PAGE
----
When having a disagreement with one’s partner, what can help bring down one’s blood pressure?
Researchers found that those couples who demonstrated “humble complementarity” reported greater relationship satisfaction after a stressful disagreement and lower blood pressure (Tongeren et al 2019). These are relationships characterized by both partners exhibiting humble behavior (as opposed to one or both exhibiting arrogance).
Even when going through periods of strain (for example, when couples transition into parenthood for the first time), humility has been found to ease adjustment and lower levels of depression. This is especially the case when both partners act in humble ways; humility reduces defensiveness and strengthens trust and overall relationship commitment.
If only one partner acts in a humble manner, the benefits of humility to the relationship as a whole are compromised, likely due to the increased risk of one partner feeling exploited by the other.
So being humble is not only a virtue but it’s also a source of relationship resilience as long as both parties are on board.
Check out the Roots of Empathy Program, that teaches school age children across the globe empathy, developing their social-emotional competence, and decreasing rates of aggression.
When we feel awe, we get in touch with something larger than ourselves. For a moment we transcend the challenging circumstances of our lives and the confines of our self-concept. We feel expanded, savoring of the present moment and, perhaps, in touch with a sense of spirituality.
Researchers recently investigated whether awe additionally helps us when we’re feeling at a loss, deprived of something that we possess (Koh, Tong, Yuen 2019). Given that we can perceive possessions as an extension of ourselves, their loss can be painful and even predict impaired mental health. Would awe buffer that?
Three experiments were conducted examining the effect of awe on real and imagined loss in laboratory and natural settings. The results: participants reported feeling less negatively about the loss of a possession when experiencing awe (as induced, for example, by viewing picturesque scenes of people exploring nature).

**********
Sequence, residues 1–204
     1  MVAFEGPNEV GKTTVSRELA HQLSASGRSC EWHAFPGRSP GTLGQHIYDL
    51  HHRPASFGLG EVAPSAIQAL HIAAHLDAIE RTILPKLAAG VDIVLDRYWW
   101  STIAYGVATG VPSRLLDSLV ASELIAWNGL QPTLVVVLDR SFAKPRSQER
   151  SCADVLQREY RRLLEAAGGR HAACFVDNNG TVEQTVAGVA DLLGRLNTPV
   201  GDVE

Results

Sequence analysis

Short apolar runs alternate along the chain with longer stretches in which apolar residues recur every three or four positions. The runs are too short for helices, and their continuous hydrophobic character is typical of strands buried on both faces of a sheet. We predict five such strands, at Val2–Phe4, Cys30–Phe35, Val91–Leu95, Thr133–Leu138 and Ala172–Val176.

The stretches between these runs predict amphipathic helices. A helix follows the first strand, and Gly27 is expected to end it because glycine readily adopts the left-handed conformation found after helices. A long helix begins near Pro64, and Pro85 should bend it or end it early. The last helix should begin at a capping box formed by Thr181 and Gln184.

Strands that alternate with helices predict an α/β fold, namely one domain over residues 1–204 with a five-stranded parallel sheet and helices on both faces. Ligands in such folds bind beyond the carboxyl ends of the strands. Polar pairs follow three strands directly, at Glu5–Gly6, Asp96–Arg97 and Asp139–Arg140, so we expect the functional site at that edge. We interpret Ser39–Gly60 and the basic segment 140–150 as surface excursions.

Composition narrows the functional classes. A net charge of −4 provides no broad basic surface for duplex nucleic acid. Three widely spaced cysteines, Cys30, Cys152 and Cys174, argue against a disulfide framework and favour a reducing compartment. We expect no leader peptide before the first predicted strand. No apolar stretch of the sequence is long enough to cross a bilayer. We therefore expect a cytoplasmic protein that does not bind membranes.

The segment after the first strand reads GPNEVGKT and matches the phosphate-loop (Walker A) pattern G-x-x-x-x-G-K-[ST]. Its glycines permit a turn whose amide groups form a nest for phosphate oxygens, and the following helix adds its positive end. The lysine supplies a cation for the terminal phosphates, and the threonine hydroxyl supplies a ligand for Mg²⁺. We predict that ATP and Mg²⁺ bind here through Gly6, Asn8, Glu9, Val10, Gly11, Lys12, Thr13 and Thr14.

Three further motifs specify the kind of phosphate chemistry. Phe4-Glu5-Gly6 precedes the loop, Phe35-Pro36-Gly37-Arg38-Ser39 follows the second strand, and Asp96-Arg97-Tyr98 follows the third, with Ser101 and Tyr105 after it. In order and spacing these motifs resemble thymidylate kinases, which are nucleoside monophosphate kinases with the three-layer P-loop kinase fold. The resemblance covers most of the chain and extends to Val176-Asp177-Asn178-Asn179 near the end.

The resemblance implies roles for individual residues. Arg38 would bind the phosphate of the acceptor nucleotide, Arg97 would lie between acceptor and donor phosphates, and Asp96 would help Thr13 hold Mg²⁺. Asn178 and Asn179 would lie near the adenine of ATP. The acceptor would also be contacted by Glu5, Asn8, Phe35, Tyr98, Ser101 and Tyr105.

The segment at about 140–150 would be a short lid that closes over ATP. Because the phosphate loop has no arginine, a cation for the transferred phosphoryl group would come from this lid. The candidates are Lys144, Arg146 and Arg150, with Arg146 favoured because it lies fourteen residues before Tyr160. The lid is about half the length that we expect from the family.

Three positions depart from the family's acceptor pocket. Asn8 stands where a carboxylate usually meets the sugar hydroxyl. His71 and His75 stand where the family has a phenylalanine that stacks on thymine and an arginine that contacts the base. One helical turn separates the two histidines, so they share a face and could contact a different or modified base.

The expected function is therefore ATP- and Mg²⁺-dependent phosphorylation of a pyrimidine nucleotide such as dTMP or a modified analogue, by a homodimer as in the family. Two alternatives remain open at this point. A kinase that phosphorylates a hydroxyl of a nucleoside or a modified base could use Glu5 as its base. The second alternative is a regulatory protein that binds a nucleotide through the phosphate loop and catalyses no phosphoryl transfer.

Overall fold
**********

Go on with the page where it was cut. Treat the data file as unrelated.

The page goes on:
Each increase in the amount of awe experienced corresponded with less “troubledness” participants felt in relationship to their loss. The buffering effect of awe was significant and separate from the effect of other positive emotions (e.g., happiness, gratitude, contentment or serenity) in coping with loss of personal artefacts.
The findings suggest that the unique positive influence of awe in reducing negative feelings associated with loss may be due to the diminished attention we give to the self when we feel awe.
The self-identification projected onto our possessions may fade in the wake of being awed by something larger or more important than ourselves. Thus, we become less distressed should a possession be lost. This can be helpful in skillfully coping with future loss – that is, after initially registering and grieving the loss, we can choose to then focus on what inspires us, alleviating negative emotional aftermath.
Want to learn about something awe-inspiring?
Check out recent photographs of the legendary black leopard of Africa, last documented 100 years ago.
Check out Nature Connection, an organization founded in 1983 that brings nature to people who are unable to go outdoors. The Massachusetts organization brings nature programs directly to at risk youth and elders and those with disabilities that prevent them from accessing it outside.